The defendant next argues that the trial court erred in instructing the jury that it could infer theft if it found exclusive possession of recently stolen articles. We agree.

The evidence, upon which the conviction of theft of property with a value of less than $150 was based, consisted of the following. Kathy Brownlee, Judith Ann Creech, and Cynthia Swindle Harding were employees of the drug store on May 3, 1978. When they came to work that day, they put their purses behind the pharmacy counter. About 7:15 p.m., the three women heard a noise and saw Harding chasing a man out of the store. At approximately 7:45 p.m., the women discovered that their purses were missing. On the following day, the police asked the women to come to the police station to identify Creech's checkbook and Harding's wallet. These two items had been in the women's purses. Approximately one week later, the three purses were found on a shelf in the back storeroom of the drug store in an area where "grapefruit diet plan" pills were kept.

Upon apprehending the defendant, Officer Barthelemy conducted the pat-down search and handcuffed the defendant's hands behind his back. The defendant was placed in the rear seat of the squad car and transported to the police station. Upon booking, the defendant was found to be in possession of a white cap for a prescription bottle. Due to certain problems with booking the defendant, the car was not searched immediately after the defendant was transported as was the usual policy of the Decatur Police Department. Approximately 20 hours after the defendant's arrest, Officer Barthelemy searched the back of the squad car in which the defendant had been transported.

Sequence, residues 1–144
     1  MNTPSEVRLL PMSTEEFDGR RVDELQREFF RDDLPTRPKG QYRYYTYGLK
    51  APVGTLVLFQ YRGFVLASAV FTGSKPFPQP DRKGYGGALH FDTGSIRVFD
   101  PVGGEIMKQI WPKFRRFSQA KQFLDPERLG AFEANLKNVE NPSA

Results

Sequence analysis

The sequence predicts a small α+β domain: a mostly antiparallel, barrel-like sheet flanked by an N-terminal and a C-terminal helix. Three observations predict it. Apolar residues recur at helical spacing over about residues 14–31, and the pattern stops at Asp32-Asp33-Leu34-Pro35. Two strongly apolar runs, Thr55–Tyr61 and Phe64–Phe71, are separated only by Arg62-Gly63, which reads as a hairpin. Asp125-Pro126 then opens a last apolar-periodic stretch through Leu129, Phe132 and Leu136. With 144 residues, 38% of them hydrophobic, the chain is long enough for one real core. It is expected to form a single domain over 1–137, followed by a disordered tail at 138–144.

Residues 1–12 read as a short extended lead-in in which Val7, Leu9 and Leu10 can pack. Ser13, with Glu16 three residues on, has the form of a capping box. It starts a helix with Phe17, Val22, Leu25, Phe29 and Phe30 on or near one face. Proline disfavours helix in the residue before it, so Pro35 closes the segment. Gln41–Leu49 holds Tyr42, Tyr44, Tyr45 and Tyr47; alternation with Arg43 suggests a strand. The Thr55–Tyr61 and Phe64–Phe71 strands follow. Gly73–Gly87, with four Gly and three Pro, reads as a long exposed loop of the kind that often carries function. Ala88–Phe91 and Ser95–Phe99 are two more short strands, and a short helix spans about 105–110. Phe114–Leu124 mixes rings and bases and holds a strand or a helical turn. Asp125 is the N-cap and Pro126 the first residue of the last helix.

Officer Barthelemy testified that officers on two other shifts had driven the squad car between the time of the defendant's arrest and the search 20 hours later. He stated that the normal procedure required a search of the car when a new shift takes over. His search disclosed two bottles of pills for the "grapefruit diet plan," two billfolds, a checkbook bearing the name Judy Ann Creech, and a prescription bottle bearing the name Cynthia Swindle. Only one of the bottles of diet pills had a cap, and the cap found on the defendant fit the uncapped bottle. Harding identified the diet pills as having come from the store and stated they were stored in the back storeroom (the area where the purses were found). Officer Barthelemy testified that no one had been transported in the car during the shift following his and that to the best of his knowledge there was no one in the back seat of the car from the time the defendant left it until the next day. No one else had ridden in the back seat with the defendant when he was taken to the police station. He also stated that a search by the other officers coming on duty would have revealed the presence of these items in the back of the squad car. In his opinion it would have been difficult for the defendant to remove something from his front pockets while his hands were behind his back. He stated, however, that the defendant was lying down part of the time he was in the back seat, which would have made the task easier. After booking, the defendant was treated for injuries to his wrists.

The defendant denied taking any merchandise from the store. He also stated that because his hands were tightly handcuffed behind his back, it would have been physically impossible for him to have taken anything from his pockets and stuffed it into the seat of the squad car.